The last decade has seen tremendous growth in the availability of identity theft protection and identity monitoring services. This has been driven by the even faster growing online presence of the world’s population. While the internet has been around for decades, how we use it changes every day. Fifteen years ago, most people did most of their shopping in-store, whereas today, e-commerce platforms such as Amazon dominate how we shop. Ten years ago, you might have found yourself in the back of a dimly lit bar hoping to meet your significant other; but today, we can stay at home on our couch, swipe right and left on our online dating platform of choice, drinking a beer we ordered online and find our soulmate. In the last couple years alone, we’ve seen tremendous transformations such as traditionally face-to-face business being conducted via online teleconferencing, we’ve taken classroom education to the digital realm, we consult our doctors online, and many of us make money on digital entertainment platforms doing jobs that didn’t even exist a few years ago.
Okay, so we’re doing more things over the internet. So what?
The more we do online, the more of our personal data leaves our control. This isn’t a bad thing, as the potential downsides are easily outweighed by the convenience and technological advancements afforded by our digitized world. We simply need to be mindful of what’s out there. If you haven’t already, take a moment to read our blog about your digital exhaust, where we discuss how you leave behind digital breadcrumbs, and what to do about it in part 2 of the publication. In short, the bits of your personal data you may not realize are floating in the digital ether are highly valuable to threat actors and if exploited, can cost you money and your privacy. Thankfully, there are remedies for this problem, the most prominent of which is to enroll in an identity theft protection or identity monitoring service.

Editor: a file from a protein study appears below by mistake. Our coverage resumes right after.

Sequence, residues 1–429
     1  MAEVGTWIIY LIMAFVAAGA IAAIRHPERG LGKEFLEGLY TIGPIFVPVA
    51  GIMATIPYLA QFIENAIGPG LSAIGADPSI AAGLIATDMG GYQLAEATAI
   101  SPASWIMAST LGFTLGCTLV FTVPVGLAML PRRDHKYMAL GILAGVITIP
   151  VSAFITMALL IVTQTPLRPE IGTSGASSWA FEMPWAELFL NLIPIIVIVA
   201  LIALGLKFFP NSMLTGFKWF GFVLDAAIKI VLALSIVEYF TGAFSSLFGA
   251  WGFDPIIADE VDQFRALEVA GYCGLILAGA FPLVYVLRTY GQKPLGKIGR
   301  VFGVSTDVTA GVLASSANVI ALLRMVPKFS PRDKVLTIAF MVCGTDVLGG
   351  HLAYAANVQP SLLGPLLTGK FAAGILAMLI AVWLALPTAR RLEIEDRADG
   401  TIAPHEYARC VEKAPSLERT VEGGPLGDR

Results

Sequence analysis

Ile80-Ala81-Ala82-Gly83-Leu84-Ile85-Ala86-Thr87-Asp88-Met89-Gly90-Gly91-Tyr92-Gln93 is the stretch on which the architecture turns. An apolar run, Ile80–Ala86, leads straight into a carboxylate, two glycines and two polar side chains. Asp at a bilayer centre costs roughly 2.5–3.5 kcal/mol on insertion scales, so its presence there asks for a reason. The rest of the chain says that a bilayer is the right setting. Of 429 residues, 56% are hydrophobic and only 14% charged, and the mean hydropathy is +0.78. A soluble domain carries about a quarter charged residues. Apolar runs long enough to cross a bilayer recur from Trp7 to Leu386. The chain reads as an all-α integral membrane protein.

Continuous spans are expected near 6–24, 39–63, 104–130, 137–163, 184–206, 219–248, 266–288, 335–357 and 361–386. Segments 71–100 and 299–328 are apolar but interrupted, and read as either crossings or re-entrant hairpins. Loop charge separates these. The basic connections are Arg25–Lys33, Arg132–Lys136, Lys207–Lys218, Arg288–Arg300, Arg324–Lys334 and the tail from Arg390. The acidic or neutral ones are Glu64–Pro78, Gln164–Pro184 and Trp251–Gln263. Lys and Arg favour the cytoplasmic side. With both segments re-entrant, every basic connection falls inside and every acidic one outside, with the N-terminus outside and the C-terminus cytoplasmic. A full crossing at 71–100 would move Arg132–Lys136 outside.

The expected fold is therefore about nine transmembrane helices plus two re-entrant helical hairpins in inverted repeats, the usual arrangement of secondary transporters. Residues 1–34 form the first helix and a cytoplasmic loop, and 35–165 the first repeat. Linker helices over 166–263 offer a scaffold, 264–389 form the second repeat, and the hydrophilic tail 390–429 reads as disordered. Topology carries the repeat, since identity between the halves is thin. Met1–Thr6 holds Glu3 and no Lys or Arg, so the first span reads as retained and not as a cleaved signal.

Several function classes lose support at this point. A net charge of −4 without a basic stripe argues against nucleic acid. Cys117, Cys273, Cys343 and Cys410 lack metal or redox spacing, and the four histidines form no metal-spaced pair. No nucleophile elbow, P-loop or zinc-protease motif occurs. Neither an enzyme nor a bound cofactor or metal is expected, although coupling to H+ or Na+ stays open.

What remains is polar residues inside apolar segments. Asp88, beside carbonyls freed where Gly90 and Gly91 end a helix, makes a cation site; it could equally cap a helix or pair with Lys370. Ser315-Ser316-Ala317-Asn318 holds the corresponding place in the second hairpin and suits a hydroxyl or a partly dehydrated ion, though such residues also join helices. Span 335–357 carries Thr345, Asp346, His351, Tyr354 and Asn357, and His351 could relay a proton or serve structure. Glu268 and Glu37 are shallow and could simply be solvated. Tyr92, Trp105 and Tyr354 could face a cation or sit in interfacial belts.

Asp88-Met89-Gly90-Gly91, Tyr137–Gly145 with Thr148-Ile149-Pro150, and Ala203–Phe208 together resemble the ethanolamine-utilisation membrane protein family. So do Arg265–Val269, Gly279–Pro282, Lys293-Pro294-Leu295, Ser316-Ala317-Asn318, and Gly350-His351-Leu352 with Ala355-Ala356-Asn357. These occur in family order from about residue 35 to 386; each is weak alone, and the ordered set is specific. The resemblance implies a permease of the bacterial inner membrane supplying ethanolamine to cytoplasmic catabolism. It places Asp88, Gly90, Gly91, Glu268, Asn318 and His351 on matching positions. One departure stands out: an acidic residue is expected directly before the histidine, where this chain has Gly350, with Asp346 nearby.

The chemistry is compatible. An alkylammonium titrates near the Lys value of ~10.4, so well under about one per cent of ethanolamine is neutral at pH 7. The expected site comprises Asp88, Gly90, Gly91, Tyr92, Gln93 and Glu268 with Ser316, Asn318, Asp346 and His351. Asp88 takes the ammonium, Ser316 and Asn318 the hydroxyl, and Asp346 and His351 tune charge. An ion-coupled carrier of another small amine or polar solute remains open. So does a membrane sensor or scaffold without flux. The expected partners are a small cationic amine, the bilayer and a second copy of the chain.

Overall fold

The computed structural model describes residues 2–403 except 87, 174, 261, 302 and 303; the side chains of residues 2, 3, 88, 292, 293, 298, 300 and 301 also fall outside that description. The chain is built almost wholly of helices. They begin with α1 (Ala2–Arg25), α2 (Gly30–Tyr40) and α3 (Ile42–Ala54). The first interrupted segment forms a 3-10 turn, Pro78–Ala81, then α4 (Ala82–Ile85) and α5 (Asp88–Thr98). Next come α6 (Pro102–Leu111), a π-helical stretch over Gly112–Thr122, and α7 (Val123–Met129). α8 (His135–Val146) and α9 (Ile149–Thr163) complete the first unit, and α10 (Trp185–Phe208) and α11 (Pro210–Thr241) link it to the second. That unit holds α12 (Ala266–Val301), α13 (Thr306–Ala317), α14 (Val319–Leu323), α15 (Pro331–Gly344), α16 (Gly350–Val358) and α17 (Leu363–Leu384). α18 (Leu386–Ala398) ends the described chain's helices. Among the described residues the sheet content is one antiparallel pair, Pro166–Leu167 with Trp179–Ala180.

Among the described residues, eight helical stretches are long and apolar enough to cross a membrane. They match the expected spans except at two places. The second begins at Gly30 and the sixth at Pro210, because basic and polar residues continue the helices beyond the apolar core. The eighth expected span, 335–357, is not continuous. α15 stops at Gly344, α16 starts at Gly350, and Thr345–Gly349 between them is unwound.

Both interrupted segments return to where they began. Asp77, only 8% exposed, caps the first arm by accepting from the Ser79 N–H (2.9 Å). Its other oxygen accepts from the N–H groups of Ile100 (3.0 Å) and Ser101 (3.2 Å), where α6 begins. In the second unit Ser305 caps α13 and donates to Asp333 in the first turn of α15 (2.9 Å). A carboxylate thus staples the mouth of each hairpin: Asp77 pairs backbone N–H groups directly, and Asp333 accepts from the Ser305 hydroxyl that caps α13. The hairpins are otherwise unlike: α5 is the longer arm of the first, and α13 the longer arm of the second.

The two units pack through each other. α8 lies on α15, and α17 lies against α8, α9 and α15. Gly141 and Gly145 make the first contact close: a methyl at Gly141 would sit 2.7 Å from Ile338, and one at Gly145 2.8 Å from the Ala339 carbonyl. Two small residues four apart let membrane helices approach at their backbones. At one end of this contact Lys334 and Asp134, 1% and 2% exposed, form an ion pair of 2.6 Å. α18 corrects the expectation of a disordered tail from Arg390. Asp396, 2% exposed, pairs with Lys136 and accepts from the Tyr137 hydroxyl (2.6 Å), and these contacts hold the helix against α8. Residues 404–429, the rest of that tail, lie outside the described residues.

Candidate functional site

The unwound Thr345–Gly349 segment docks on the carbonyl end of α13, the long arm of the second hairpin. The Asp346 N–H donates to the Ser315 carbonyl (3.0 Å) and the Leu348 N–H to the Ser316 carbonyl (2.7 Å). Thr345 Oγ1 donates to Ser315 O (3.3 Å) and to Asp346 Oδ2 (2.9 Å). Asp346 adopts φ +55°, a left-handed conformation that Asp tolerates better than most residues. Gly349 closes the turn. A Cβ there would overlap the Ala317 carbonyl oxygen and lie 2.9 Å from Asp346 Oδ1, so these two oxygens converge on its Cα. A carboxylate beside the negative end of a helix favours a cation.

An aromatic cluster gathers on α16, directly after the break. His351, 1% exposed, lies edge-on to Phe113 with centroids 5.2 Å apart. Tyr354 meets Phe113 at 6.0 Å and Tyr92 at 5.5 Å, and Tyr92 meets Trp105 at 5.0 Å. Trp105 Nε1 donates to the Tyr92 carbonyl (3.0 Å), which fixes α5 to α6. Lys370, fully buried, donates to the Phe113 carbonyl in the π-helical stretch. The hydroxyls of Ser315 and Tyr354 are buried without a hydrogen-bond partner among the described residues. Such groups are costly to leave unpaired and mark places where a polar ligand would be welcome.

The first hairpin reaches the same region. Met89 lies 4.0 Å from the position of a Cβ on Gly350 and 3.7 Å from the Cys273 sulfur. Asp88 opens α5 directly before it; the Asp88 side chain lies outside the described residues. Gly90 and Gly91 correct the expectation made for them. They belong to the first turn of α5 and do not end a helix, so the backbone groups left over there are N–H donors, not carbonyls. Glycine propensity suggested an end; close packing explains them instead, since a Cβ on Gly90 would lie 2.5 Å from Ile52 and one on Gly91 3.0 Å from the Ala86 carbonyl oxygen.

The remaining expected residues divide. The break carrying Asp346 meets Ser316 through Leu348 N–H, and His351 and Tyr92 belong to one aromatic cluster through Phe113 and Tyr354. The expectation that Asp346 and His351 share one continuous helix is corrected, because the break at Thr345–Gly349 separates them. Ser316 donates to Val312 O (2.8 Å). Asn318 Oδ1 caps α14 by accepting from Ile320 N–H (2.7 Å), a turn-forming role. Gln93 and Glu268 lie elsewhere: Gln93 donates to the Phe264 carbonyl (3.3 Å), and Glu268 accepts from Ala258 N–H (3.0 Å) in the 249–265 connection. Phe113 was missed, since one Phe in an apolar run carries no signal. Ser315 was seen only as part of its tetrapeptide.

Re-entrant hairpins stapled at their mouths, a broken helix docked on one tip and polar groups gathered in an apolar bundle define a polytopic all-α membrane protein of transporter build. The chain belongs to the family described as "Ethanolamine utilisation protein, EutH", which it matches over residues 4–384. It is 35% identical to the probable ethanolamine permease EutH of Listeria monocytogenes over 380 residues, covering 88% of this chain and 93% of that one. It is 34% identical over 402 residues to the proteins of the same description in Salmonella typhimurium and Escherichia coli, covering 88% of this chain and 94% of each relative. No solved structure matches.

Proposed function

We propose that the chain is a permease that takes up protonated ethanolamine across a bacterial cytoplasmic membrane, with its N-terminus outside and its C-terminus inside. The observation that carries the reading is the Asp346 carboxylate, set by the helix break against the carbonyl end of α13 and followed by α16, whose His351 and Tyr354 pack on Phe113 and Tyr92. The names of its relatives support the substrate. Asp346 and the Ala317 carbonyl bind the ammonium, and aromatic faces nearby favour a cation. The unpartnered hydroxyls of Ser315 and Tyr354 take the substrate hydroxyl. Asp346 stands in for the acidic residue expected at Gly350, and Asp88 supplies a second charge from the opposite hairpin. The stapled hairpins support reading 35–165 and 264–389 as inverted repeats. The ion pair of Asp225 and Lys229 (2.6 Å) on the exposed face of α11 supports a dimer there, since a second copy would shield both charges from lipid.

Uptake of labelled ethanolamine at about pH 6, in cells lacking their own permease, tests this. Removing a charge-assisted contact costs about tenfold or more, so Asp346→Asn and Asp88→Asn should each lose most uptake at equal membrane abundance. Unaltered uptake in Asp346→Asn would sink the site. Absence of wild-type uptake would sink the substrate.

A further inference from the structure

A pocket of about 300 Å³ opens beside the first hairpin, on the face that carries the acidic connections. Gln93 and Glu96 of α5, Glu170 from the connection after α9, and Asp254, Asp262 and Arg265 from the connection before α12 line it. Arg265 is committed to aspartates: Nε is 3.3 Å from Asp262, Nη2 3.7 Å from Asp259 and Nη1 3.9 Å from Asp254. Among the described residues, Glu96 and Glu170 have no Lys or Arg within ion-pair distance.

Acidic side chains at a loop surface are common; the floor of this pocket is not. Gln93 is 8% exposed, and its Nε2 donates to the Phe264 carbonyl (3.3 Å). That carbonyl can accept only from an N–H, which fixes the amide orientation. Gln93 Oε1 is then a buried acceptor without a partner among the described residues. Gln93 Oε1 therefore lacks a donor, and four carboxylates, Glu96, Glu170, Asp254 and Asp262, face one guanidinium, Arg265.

But not all identity theft protection services are created equal. You can read about what makes a great identity monitoring service here, which includes key factors such as data quality, volume, accuracy and global coverage, but today, we’ll discuss the importance of breadth of data.
What exactly is “breadth of data”?
Let’s begin by looking at a more traditional metric, “depth” or “volume” of data—this refers to “coverage”, or “does this data set include the data exposures that matter to me?” This is typically the first thing an identity data provider will implement—which is good, but unfortunately is no longer “good enough” on its own. Many identity exposure data providers are still focused on what mattered most at the inception of ID protection—email addresses and passwords. Yes, these are important attributes to track, and they’re among the most prevalent, but it doesn’t paint a complete picture. A focus on just emails and passwords leads down a narrow avenue—what we need today is something broader, and so we arrive at breadth of coverage.
We’ve established how much of our data gets exposed, but is your identity theft protection service capturing it all? Breadth of coverage refers to not only identifying that your email address and password appear in a data breach, but looking further and understanding that your telephone number, name, address, etc have also been exposed and they’re linked to your email. While this seems trivial on the surface, there are a lot of complexities and intricacies that must be considered when capturing a broad swath of data. Constella has spent the last decade mastering this art.
Adequately Capturing Broad Data